I guess I can’t wrap my head around what makes someone so angry or full of hate or full of rage that makes them want to kill others, whether they be strangers or people they know. What possesses a person to feel they have the right to take the life of another (except in self-defense)?

I took classes in that hall. I even took geology classes, at the same time on the same days, in that very same classroom. Maybe that’s why I’m upset. I’m not sure why.

What’s even scarier is I said to Jacqui, even before they reported it on the news, that I bet the gunman came in the emergency exit near the stage. And sure enough… I was right.

Anyway… I’m sorry that this blog is a bit of a mess… but I’m still upset about it!

The Alternative to Biofuels

The other day, I ranted about why I feel biofuels are not the answer to “global warming”, “climate change” or the name du jour about this change in weather and climate affecting our planet.

Last night, on TV One ran a story about a French man, supported by an Indian car company, who had invented a car that runs on compressed air.

That’s right: air. That stuff we breathe and live on.

So if it runs on air, Scott, I can hear you say, it must be slow. Or produce some harmful toxin as a side-effect. Or even cost a lot of money to buy.

Wrong on all three accounts. According to TV One News, it can reach 80 miles per hour. It produces air as a side-effect. And it only cost around $8,000NZ.

Sure, there are downsides, according to the Wikipedia article, but wouldn’t this be a better route to be going on at present than the biofuel route?

And it appears someone has been behind the electric car disappearing as well. In 2006, a documentary was released entitled, Who Killed the Electric Car? I haven’t seen it but have been told by several sources that it is an interesting insight into how the car manufacturers, certain governments, the oil industry and others into the death of what appeared to be another viable alternative to biofuels and oil.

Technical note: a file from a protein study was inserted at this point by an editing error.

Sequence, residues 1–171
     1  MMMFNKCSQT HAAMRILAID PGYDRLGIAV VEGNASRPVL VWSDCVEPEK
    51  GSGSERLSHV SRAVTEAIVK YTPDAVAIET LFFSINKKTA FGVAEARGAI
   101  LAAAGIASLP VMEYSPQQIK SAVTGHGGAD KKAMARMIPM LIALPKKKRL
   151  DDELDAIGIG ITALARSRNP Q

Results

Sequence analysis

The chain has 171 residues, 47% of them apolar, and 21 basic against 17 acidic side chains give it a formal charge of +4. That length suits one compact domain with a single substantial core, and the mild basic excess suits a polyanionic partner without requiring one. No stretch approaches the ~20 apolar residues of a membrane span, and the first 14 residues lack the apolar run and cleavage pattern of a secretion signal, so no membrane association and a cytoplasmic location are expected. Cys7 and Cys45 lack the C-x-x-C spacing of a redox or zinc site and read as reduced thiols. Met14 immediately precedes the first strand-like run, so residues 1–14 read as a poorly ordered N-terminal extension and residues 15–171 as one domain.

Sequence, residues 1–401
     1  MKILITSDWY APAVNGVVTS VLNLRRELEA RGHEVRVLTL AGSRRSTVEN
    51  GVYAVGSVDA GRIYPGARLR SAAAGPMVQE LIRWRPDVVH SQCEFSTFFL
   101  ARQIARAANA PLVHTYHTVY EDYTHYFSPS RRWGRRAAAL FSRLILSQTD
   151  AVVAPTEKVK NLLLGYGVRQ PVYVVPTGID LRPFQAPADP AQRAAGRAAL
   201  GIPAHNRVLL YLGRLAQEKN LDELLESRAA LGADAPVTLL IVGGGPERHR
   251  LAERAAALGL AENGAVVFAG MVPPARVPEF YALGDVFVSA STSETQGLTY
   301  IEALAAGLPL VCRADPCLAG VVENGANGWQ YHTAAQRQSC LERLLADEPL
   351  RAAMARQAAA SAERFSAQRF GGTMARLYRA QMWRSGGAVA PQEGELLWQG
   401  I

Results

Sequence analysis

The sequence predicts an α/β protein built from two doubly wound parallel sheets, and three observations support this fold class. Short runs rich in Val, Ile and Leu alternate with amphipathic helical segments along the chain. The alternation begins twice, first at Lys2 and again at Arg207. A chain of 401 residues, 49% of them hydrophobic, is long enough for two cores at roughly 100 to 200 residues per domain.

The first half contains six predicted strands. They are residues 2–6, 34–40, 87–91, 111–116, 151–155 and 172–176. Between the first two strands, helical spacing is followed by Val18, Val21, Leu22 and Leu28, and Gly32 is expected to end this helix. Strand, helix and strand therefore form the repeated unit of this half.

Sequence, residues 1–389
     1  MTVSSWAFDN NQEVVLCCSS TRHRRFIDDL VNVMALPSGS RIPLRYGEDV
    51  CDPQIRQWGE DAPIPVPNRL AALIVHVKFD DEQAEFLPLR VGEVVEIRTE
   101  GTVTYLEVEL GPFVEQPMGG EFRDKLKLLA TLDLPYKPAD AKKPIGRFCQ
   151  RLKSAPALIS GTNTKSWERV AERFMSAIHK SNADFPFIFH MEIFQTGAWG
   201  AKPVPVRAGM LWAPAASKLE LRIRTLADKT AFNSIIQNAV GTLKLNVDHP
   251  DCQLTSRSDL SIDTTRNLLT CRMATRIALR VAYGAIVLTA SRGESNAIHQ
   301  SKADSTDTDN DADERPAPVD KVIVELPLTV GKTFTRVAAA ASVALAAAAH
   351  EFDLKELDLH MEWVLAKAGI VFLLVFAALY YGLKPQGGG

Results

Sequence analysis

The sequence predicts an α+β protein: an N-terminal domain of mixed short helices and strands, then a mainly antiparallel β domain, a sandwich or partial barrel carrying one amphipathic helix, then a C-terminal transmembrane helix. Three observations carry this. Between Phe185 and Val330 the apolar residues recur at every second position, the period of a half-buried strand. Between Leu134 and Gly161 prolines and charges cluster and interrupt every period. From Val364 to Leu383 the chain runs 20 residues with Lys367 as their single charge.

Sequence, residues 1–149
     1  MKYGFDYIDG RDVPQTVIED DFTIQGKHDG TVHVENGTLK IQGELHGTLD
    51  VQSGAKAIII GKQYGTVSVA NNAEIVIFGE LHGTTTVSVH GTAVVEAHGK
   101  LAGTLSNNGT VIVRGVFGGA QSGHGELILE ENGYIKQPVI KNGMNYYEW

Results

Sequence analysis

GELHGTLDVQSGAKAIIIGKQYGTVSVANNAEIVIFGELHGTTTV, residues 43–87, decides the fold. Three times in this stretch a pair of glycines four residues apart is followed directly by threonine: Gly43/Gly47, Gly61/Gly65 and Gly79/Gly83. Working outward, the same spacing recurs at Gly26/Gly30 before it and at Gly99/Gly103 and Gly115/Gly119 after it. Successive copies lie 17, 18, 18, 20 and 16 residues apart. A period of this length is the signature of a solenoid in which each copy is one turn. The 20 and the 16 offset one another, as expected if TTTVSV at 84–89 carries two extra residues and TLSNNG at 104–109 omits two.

Of course, if you are like me, you need to read up on all the pros and cons before making an informed choice. And, I think, there are downsides to all the different alternative technologies out there.

The best we can do is try, even if we do it in a small amount, to impact the car manufacturers and oil industry (who, let’s face it, are raping us at the pump) to steer them to roll with the changes.

One interesting point I want to raise: If it’s found that car pollution is partially responsible for “climate change”, and we all suffer as a result, does that mean we can take a class action suit out on car manufacturers and oil companies as a result, much like smokers can sue tobacco companies? An interesting thought to ponder…

Biofuels… Uh Yeah

Okay, am I the only person to say and think what the hell is going on with certain companies and governments pushing biofuel?